At one point during His ministry, Jesus said something rather startling. Well, He said many starling things designed to break through the chains of religion, ego, and pride. Choosing a Samaritan to be the hero of a story was shocking to His Israeli hearers. Declaring that it is harder for the rich to enter His kingdom than for a camel to go through the eye of a needle surely got folk’s attention. And His cry from the cross for forgiveness instead of cursing those that nailed His hands and feet surely gave folks pause. While those are all excellent examples, and there are many more, what I have in mind is something else.
One day, almost out of the blue, Jesus declares, “Truly I say to you, whoever does not receive the kingdom of God like a child will not enter it at all.” (Luke 18:17, NASB95) Not startled, shocked, or surprised? Think about it, really ponder on it for a moment. What did Jesus mean by “like a child?” Why does receiving the kingdom of God like an adult disqualify us from entering? How exactly does this work anyway?
Now, Jesus didn’t explain it. He simply said it and let it lay there. Context gives us some clues. In Luke, the context is the pride of religion which is on display in both the preceding and following verses.
In the preceding verses, Jesus tells a parable about the prayers of a proud judgmental Pharisee and a humble sinner. The point of Jesus’ parable is shown in their prayers. One is filled with righteous pride, place, and self-significance. The other does not even dare to look up, but humbly admits his sin. Jesus declaration was that the humble sinner went home justified and cleansed before God instead of the Pharisee.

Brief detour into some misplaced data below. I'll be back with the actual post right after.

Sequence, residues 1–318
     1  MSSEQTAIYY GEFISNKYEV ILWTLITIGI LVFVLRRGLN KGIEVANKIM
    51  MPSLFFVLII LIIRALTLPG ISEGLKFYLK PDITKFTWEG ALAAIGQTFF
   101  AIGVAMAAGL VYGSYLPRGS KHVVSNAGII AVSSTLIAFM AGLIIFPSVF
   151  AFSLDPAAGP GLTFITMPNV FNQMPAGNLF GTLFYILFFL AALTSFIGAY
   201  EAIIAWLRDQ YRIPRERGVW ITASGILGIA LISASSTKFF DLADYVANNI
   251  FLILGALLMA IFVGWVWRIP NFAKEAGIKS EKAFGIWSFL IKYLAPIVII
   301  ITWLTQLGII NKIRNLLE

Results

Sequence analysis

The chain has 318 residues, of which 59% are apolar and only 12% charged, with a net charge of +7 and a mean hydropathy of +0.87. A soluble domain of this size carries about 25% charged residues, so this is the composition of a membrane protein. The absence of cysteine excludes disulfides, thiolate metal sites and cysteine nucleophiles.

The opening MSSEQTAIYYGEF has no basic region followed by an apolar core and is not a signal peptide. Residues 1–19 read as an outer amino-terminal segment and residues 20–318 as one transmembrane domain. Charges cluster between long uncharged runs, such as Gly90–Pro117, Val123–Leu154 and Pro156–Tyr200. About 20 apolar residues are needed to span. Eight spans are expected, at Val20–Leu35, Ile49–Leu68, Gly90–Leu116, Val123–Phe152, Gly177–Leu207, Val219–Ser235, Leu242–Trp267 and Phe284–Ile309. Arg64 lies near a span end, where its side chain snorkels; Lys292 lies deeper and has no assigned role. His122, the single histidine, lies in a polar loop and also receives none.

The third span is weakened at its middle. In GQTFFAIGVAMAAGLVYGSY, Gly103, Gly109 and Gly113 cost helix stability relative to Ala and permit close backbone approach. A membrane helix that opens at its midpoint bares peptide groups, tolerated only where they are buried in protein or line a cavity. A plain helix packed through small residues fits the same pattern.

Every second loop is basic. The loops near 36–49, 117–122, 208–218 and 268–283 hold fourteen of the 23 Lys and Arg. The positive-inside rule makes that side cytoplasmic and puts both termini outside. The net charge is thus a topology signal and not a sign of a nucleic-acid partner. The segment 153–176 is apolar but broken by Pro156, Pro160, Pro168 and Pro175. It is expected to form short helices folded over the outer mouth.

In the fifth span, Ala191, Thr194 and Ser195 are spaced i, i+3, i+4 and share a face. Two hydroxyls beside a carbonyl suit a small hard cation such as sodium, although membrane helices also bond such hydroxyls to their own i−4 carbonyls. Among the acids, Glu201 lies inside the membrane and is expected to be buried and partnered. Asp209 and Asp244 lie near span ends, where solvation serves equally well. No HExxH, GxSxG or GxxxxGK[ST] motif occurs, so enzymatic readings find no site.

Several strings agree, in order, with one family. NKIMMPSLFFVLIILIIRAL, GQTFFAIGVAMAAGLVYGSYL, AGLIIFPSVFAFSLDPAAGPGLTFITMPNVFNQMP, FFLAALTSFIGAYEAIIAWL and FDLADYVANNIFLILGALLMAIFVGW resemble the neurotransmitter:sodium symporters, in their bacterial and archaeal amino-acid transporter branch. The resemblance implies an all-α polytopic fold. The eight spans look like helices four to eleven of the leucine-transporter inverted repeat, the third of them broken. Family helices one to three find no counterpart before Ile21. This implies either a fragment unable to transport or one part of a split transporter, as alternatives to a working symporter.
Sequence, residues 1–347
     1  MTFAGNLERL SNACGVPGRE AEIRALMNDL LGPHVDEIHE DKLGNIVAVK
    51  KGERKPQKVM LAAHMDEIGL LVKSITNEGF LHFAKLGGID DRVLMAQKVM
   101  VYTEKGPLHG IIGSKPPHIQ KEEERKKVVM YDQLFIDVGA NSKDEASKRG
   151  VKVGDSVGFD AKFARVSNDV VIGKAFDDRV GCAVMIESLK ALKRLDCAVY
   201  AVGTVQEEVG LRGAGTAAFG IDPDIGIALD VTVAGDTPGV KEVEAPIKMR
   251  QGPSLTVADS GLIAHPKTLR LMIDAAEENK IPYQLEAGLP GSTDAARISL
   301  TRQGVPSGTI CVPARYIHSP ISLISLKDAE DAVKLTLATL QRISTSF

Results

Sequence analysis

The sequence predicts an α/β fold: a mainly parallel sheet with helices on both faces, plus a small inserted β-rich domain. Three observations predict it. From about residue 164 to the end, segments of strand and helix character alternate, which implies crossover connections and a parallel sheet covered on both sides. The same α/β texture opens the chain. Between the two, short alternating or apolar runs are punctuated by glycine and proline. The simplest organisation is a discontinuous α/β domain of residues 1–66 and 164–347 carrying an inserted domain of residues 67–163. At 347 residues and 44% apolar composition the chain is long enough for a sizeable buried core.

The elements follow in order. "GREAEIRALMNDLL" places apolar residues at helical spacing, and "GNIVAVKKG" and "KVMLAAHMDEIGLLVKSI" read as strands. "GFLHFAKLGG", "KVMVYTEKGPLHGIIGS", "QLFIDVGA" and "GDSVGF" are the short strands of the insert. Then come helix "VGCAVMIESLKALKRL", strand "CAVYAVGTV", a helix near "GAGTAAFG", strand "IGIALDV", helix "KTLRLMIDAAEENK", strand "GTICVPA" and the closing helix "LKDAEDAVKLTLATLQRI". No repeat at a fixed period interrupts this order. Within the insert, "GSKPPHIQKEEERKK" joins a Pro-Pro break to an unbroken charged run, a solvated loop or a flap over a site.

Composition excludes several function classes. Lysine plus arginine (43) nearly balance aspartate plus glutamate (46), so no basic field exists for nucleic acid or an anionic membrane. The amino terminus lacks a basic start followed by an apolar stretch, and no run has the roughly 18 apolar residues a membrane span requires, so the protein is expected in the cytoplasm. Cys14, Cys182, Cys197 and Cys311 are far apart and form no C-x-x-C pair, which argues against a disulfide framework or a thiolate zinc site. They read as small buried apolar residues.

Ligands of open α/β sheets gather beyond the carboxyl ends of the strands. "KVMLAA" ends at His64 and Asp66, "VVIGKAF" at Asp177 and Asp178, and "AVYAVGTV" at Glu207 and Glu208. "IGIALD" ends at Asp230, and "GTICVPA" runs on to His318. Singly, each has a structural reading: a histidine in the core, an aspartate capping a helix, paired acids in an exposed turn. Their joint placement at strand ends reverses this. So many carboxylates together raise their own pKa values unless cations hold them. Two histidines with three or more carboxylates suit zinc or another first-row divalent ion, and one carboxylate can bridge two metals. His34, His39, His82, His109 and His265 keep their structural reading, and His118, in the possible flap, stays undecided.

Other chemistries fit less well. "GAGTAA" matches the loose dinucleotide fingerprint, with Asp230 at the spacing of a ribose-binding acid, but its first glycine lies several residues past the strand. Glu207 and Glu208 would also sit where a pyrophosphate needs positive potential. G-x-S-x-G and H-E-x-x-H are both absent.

In the verses following, Jesus is questioned by another righteous person regarding the qualifications of the law and if he had done enough to inherit eternal life. The rich young ruler calmly declared that he had kept the law without fault. Instead of laying out all the times the young man didn’t follow the law Jesus pointed out a glaring error in his religious law-keeping.
I think Jesus’ point about receiving God’s Kingdom like a child is about putting aside our list-keeping and base-covering and relying on Christ the same way a child relies on their parents.
We all do list-keeping and base-covering to some extent. We feel that we’re ok because we haven’t done X, Y, and Z and/or because we have done A, B, and C. Both the righteous Pharisee and the rich young ruler had lists that they had successfully maintained. In their own estimation anyway.
Sometimes we make receiving and living in God’s kingdom way to complex. Almost like a maze that only counts towards heaven and glory if successfully completed. But Jesus couldn’t make it any clearer. In the end, it’s not what we did and didn’t do that counts but receiving and living in what Jesus did for us. Kingdom life is constantly relying on Him like a child does a parent. It’s just that simple. So simple that we often forget about it. The kingdom of God is about being His child. All the rest, our worship, our prayers, our obedience, and our flight from sin follows in the wake of that simple yet startling child-like truth.
The Kingdom of God belongs to those that come to Jesus like a child.